Having experienced the terror of Crown Force reprisals in mid-August 1920, as a result of the mid-Tipperary IRA’s day-light assassination of District Inspector Wilson in Templemore, the surreal peace that prevailed due to the “bleeding statues miracle” of late August and September 1920, must have been an unbelievable relief to the citizens of that town and locality.
However, that six weeks of local peace was to prove nothing more than a brief respite in what subsequently became known as “The War of Independence”.
The peace ended at about 1pm on Saturday September 29, 1920, as four RIC constables set out from Borrisoleigh barracks to return to their station at Goulding’s Cross, Barnane.
Walking in two pairs, about fifty yards apart, they reached a place close to Killoskehane Castle at about 1.30 pm. As they passed a low wall, shots rang out from each side of the road, leaving two of the policemen – Constables Edward Noonan and Terence Flood - dead and another man seriously wounded.
From the IRA perspective, “normal business of ambushing the police had been resumed”.
The attack was carried out by an IRA unit under the command of Upperchurch man, Paddy Kinane. Tommy Kirwan, the local Borrisoleigh IRA company captain was also involved with a number of local IRA volunteers.
The operation that was approved by the Number 2 (Mid) Tipperary Brigaden O/C, Jimmy Leahy.
Golding’s Cross was a small police barracks, with a Sergeant and two constables stationed there on January 1, 1919 and again on January 1, 1920. By January 1, 1921, it would have 10 police constables with the Sergeant.
The police group who were ambushed that day consisted of two original RIC constables and two ‘Black and Tans’ – constables recruited by the British Government after the early IRA attacks in 1919 to bolster the numbers in the police.
Edward Noonan was born in Derrygill, close to Woodford in County Galway. It would appear that, in his youth, his family had emigrated to England. In what was a somewhat typical pattern for these new police recruits, he had joined the British army at the outbreak of the Great War in 1914 and was posted to France.
Wounded in the retreat from Mons, he was returned to England, where he was discharged from the army on August 10, 1916.
The following year he married Nelly Douglas, a dressmaker from London’s Pimlico district.
Nelly was a young widow, her first husband having been killed in the early days of the War in France. One year later, the couple’s son Edward was born. In December 1919, like hundreds of demobilized soldiers seeking employment, Edward Noonan joined the RIC and arrived back Ireland in March of 1920, first posted to County Kerry and subsequently to Tipperary.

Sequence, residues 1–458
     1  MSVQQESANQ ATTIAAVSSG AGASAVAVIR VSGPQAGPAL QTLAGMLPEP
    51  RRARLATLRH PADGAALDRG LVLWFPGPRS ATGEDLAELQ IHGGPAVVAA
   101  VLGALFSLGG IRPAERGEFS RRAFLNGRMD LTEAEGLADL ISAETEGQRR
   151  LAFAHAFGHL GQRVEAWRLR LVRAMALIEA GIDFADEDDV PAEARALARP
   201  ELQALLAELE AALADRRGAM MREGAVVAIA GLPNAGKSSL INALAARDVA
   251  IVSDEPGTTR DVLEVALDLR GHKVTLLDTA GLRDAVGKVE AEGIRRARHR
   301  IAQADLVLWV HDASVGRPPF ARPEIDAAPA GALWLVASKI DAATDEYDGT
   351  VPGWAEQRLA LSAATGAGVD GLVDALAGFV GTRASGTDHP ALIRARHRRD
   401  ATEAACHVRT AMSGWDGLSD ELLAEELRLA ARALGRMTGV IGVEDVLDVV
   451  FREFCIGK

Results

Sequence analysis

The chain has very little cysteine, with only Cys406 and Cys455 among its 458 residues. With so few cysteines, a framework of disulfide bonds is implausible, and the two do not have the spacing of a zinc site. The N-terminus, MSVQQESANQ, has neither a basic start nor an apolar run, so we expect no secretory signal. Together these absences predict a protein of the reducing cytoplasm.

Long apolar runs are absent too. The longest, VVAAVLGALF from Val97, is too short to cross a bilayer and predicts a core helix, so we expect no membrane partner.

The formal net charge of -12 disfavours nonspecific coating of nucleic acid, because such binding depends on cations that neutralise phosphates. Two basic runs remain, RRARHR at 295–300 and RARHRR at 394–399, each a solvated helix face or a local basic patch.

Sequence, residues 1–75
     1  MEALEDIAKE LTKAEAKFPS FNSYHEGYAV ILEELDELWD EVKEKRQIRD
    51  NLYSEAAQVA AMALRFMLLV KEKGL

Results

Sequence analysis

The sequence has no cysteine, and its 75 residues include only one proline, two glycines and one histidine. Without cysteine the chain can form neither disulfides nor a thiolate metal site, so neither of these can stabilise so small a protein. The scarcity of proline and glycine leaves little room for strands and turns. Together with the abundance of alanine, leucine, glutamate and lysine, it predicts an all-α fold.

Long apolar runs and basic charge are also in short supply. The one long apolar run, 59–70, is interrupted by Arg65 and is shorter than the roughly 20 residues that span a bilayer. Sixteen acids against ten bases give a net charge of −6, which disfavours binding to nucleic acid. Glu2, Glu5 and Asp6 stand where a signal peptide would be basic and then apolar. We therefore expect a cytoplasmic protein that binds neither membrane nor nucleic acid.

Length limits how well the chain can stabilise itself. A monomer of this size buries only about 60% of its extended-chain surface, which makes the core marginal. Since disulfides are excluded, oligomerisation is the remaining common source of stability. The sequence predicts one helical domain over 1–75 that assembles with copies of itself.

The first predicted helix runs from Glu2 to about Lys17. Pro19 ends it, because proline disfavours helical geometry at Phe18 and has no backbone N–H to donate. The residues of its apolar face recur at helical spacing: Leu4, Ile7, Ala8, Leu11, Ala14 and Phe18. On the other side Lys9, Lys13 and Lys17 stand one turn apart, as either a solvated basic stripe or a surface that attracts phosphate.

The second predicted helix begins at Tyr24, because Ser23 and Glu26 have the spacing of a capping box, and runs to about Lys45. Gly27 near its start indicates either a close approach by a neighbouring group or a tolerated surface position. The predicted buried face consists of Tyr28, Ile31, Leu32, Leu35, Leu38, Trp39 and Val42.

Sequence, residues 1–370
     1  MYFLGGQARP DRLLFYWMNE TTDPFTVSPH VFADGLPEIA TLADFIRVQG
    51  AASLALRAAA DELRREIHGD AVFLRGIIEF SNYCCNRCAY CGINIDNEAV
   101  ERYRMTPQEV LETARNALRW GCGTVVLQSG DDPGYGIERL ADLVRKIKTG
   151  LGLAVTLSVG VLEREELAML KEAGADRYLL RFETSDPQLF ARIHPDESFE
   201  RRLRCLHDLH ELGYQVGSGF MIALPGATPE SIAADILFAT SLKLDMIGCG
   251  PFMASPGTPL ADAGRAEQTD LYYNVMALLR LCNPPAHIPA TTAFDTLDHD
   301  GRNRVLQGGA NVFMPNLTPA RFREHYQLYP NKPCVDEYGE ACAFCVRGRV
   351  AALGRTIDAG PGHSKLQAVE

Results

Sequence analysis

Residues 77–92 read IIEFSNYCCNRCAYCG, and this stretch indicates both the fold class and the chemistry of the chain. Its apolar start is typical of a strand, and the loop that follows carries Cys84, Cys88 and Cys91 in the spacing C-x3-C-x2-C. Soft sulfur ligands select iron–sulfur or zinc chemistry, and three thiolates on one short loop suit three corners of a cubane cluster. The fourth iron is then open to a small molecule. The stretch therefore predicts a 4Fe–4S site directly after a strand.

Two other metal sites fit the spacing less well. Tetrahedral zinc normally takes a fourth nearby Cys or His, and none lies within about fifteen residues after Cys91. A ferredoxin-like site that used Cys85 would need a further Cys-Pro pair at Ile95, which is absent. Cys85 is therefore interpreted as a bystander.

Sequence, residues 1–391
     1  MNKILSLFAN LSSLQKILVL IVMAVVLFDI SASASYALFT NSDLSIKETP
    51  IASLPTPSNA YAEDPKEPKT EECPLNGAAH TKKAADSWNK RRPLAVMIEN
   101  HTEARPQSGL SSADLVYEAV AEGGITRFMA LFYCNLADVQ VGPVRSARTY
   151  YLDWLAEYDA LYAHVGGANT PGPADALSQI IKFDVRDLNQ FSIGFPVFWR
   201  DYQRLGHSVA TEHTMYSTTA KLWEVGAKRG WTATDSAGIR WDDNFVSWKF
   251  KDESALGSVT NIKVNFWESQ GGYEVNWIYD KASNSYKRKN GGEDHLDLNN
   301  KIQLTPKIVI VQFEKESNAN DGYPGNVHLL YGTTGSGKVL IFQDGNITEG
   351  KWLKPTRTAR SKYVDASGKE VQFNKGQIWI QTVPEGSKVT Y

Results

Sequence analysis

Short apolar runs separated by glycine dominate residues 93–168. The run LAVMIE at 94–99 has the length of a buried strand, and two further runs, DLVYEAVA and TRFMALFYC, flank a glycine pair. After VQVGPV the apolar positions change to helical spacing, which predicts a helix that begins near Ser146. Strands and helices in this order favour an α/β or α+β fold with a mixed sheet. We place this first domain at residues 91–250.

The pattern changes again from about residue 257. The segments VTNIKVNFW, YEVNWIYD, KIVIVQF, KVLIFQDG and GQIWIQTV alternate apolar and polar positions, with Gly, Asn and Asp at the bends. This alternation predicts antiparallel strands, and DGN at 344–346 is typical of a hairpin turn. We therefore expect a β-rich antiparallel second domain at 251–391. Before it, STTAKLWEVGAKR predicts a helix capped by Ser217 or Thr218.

He was among the first of the “Black and Tans” – the hastily recruited police constables who had a mixture of police and military uniform, so named because they were said to resemble a pack of Limerick foxhounds.
Constable Terence Flood, born July 2, 1885, hailed from Beagh Beg in the parish of Carrigallan in County Leitrim. He joined the RIC in July1908. His first posting was to Fermanagh, before being transferred to the North Tipperary police division. He was one of a family of thirteen, reared on a farm of eleven acres.
Most of his siblings who survived into adulthood emigrated. One brother, Michael, remained at home to work the farm, as did his sisters Teresa. His sister Kate became a national school teacher.
Edward Ferris, from County Meath, was the constable who was wounded in the ambush – he received a bullet wound to the head and was fortunate to survive the incident. After disbandment of the police in 1922, he returned to his native county. In later years he became a well-known building contractor in the Laytown area.
The fourth police constable, Con Marnane, was a native of Cork. He was uninjured in the shooting and rushed to Goulding’s
Cross barracks to alert his colleagues. He later settled in the Cahir / Bansha area of South Tipperary.
Evidence at Compensation Hearings
The witness statements that are available from the IRA perspective as to what happened on that day at Killoskehane are not especially illuminating. This is perhaps understandable, as the actual engagement itself lasted no longer than a few minutes.
Also, it was a controversial incident, being linked to the mid-Tipperary IRA’s desire to end the unofficial peace that had resulted from the “Bleeding Statues” episode around Templemore.
However, the evidence given at the Thurles Quarter Sessions, where various compensation claims were made arising from the ambush, help to shed more light on what occurred. These were held on January 11, 1921 at Nenagh under Judge Moore.